J09150.pdf - Why is building psychological resilience...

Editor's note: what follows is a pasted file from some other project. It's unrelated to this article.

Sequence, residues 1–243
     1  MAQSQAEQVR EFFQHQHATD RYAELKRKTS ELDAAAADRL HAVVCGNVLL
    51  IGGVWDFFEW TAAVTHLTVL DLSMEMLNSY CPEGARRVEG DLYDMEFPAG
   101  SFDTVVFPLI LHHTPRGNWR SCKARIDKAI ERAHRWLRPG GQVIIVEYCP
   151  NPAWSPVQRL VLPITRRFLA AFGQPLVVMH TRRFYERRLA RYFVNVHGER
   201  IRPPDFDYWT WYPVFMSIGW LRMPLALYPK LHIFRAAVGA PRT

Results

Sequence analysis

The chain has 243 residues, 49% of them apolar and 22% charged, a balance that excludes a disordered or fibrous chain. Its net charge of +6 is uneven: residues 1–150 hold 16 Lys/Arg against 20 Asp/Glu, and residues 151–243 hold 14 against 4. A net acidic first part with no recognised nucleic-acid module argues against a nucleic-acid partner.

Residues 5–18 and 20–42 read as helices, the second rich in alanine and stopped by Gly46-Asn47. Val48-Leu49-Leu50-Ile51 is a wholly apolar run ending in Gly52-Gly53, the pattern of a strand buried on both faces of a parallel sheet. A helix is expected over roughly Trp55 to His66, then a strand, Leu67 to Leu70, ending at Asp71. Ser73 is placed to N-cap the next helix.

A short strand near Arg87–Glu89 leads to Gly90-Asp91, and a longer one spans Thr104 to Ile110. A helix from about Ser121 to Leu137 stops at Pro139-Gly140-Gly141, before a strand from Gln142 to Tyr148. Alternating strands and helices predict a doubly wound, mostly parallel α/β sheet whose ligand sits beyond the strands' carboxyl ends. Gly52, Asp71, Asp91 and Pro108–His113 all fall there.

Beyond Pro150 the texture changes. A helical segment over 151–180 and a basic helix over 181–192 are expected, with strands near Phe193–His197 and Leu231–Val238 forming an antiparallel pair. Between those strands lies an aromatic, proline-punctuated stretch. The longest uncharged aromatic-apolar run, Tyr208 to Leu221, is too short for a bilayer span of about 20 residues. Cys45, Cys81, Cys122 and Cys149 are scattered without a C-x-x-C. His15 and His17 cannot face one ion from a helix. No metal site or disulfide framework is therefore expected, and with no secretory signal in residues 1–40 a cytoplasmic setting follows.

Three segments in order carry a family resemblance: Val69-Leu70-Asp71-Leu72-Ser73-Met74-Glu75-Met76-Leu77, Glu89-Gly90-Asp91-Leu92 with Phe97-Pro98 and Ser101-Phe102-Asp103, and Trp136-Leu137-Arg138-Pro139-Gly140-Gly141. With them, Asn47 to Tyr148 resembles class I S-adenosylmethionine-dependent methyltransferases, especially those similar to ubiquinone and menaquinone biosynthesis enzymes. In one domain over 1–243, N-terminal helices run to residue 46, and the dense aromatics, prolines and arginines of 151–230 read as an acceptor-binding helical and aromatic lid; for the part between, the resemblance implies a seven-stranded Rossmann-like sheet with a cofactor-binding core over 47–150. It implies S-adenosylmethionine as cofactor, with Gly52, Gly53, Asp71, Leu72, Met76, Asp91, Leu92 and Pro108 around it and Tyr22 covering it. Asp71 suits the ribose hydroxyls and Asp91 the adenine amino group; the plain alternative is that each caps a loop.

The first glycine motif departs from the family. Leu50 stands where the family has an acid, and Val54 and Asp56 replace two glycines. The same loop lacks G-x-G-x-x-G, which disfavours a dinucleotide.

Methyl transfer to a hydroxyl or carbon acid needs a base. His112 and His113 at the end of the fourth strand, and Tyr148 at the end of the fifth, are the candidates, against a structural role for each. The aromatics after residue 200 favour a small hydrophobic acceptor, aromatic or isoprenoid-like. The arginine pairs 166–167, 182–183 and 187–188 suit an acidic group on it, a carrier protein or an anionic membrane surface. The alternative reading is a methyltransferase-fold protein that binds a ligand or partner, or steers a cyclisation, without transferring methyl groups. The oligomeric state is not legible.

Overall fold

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89 Daffey-Moore E. BMJ Mil Health 2020; 166 :89–94. doi:10.1136/jramc-2018-000962 Original research Why is building psychological resilience relevant to UK Service personnel in order to improve military mental health? Emma Daffey-Moore To cite: Daffey-Moore E. BMJ Mil Health 2020; 166 :89–94. DPHC HQ, DMS, Whittington, UK Correspondence to Sqn Ldr Emma Daffey-Moore, DPHC HQ, DMS, Whittington WS14 9PY, UK; emma. [email protected] Received 4 April 2018 Revised 12 April 2018 Accepted 16 April 2018 Published Online First 26 May 2018 Key messages Building psychological resilience is relevant for Service personnel to improve mental health and well-being. The MOD has a duty of care and clearly defined strategic intent which is being used to develop resilience building strategies by the single Services. The UK military have an opportunity to research the resilience building strategies being used in other countries and welfare organisations. Lessons and techniques could be learnt from UK Special Forces and US Navy SEALs. Mindfulness and Sleep health are two strategies that could be implemented across the UK military. ABSTRACT This article will aim to give an overview of stress and resilience, briefly exploring current definitions. It will try to identify why psychological resilience is relevant in the military context and suggest why the UK military could be exploring data from other countries and welfare bodies to enhance their own stress management policies in order to improve military mental health. The MOD (Ministry of Defence) understands their duty of care and has developed a clear strategic intent to tackle the increasing numbers of personnel developing mental health issues. While all three Services currently have in place comprehensive prede- ployment and postdeployment strategies to signpost indi- viduals, there is a lack of psychological fitness training. Examining resilience in the civilian sector has identified the relevance for individuals to be psychologically resilient in any context. The skills and techniques of the Special Forces are now becoming popular in the business world to increase resilience in individuals and their organisations. The MOD could improve military mental health through relevant strategies aimed at building resilience. INTRODUCTION In the military the word resilience is used predom- inantly about people. After two major conflicts in the last decade and a significant increase in Service personnel presenting with mental health issues, the requirement to develop strategies to improve mental health and reduce stigma was apparent. 1 While the prevalence of post- traumatic stress disorder (PTSD) in the UK remains low, there has been a rise in anxiety, depression and adjustment disorders. 1 The MOD understands their duty of care to develop strategies to deal with these issues. While the single Services currently have comprehensive stress management policies to deal with predeployment and postdeploy- ment, there is nothing specific in place to deal with the daily mental health of all Service personnel. Other

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